Here at Loony Literature, we believe that children should be introduced to classic Literature at a primary school age. We know that if children are au fait with the plot and characters of the text, they are more likely to understand the actual text when starting to study it later at secondary school or with other educators.
“Frankenstein’s Revenge” is a play to introduce children to the novel Frankenstein. It is a comedy which looks at what happens when Victor Frankenstein meets his creator Mary Shelley, thus it introduces the children also to Mary and Percy Shelley. The main theme of “Frankenstein’s Revenge” is prejudice.
“Frankenstein’s Revenge” is written with three goals in mind. The first is to get children involved in acting, directing, creating sets and making or finding costumes. All of these activities encourage both confidence and team effort in children. About a month ago, I had a friend and her daughters over for lunch. When I asked the two girls if they would like to come over another time and help me change the costumes of the mannequins and move The Laboratory around, their eyes lit up and I was greeted with the most enthusiastic “yes”. I truly believe that children learn so much when they are actually “doing”.
The second goal is to get children discussing what is meant by the play. I have thought about how much preparation teachers and home educators have to do and I know how time expensive that it. This has led me to believe that I will publish the play alone but I am also going to publish an educator’s resource. This will have the play in it but will also be accompanied by the questions which an educator needs to ask on the interpretation of the play, improvisation exercises, creative writing exercises and persuasive writing exercises, amongst other things.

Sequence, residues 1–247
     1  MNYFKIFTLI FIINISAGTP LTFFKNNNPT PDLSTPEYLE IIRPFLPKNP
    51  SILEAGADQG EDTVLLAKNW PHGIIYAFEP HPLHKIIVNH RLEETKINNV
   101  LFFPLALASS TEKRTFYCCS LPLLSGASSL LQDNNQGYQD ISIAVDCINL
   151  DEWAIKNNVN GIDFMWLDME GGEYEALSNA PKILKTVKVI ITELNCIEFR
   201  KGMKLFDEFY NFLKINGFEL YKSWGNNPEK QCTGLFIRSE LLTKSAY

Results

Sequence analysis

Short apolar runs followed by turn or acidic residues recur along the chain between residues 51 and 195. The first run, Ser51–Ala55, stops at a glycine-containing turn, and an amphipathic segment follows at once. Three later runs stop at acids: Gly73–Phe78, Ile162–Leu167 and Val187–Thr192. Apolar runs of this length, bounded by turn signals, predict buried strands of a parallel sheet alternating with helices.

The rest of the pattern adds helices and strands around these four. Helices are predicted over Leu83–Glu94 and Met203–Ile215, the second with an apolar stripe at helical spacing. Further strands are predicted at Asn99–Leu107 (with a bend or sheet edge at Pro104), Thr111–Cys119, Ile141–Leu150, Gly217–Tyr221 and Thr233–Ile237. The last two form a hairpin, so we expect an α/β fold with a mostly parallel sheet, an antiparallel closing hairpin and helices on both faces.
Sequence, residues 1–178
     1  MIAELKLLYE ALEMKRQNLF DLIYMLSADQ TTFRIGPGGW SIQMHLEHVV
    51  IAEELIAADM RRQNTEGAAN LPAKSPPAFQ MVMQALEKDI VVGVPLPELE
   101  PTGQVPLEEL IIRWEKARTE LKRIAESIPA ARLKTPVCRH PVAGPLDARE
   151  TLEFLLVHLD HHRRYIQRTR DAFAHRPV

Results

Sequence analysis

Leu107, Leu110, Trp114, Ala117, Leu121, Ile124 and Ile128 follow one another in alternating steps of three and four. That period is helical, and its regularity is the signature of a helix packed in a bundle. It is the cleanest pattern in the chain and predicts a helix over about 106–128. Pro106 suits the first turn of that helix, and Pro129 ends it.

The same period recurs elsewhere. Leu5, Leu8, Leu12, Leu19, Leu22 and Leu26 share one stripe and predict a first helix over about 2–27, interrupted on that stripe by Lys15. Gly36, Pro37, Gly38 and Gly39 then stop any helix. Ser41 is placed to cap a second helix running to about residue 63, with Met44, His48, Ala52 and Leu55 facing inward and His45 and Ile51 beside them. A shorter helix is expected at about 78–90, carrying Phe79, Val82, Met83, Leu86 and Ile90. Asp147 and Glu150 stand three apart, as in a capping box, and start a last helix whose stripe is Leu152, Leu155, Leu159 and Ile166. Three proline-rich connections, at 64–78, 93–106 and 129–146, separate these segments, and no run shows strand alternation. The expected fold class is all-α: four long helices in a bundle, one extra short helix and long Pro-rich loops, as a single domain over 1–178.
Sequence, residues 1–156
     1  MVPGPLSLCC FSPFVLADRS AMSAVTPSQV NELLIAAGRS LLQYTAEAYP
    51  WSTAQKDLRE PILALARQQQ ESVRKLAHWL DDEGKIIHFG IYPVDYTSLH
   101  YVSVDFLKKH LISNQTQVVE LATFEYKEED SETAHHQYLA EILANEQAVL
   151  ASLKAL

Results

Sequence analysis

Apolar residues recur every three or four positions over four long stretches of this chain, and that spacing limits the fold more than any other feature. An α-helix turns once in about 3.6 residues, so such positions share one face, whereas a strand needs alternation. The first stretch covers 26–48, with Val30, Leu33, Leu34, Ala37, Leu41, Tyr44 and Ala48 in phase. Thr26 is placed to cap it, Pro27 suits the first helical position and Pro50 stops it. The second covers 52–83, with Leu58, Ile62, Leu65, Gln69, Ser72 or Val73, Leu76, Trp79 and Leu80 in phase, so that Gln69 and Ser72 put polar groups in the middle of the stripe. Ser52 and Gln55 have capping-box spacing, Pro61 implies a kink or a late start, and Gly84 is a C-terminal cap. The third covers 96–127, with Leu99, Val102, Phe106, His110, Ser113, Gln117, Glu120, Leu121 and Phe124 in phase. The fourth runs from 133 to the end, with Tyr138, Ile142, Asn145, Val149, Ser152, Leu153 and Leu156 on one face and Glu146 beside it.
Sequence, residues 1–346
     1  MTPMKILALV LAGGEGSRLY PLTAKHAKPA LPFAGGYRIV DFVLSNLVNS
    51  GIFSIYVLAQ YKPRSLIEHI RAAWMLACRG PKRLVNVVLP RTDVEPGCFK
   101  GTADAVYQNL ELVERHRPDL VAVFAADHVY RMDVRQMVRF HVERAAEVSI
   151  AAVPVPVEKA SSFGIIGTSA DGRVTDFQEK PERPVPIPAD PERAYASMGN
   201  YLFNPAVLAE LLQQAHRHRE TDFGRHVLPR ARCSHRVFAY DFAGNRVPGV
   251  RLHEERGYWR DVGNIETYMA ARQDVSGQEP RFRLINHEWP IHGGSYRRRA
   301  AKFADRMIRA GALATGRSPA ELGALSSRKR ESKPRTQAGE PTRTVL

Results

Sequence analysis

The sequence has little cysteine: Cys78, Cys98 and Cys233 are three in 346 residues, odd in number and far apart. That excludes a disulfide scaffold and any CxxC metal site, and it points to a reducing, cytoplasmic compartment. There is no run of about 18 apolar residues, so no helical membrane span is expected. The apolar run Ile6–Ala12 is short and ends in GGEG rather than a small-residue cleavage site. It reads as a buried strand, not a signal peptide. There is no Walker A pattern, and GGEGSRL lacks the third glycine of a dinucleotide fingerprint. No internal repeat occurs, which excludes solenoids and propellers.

The third goal is that “Frankenstein’s Revenge” is used as a springboard for the children’s own creativity. This is why the educator’s resource will have creative exercises in it. Obviously, educators and children alike can come up with their own creative ideas but they will not need to. There will be plenty in the educator’s resource to keep them going.
It is extremely important to me that I succeed in achieving all three goals. This project is not simply about my writing, it is about encouraging others and I think that is where the true satisfaction lies. If I can inspire children whom I might never get to meet then I will be glowing with happiness.
The play “Frankenstein’s Revenge” will be published shortly. The educator’s resource is work in progress, so whilst I am finishing it off, I will be posting some of the ideas here for feedback. I would love to hear from you.
- My Frankenstein Dairy (9) – Can an author inspire us? (loonyliterature.com)
- Analyze frankenstein and industrial revolution (auberongriswold.typepad.com)
- An Open Letter to Victor Frankenstein [The World’s Fair] (scienceblogs.com)
- ArtsBeat: ‘Frankenstein’ Comes Alive in the App Store (artsbeat.blogs.nytimes.com)
- Frankenstein Alive, Alive #1 Review (oldgamereviewer.com)
- Frankenstein criticism free (mauriceboettch1.typepad.com)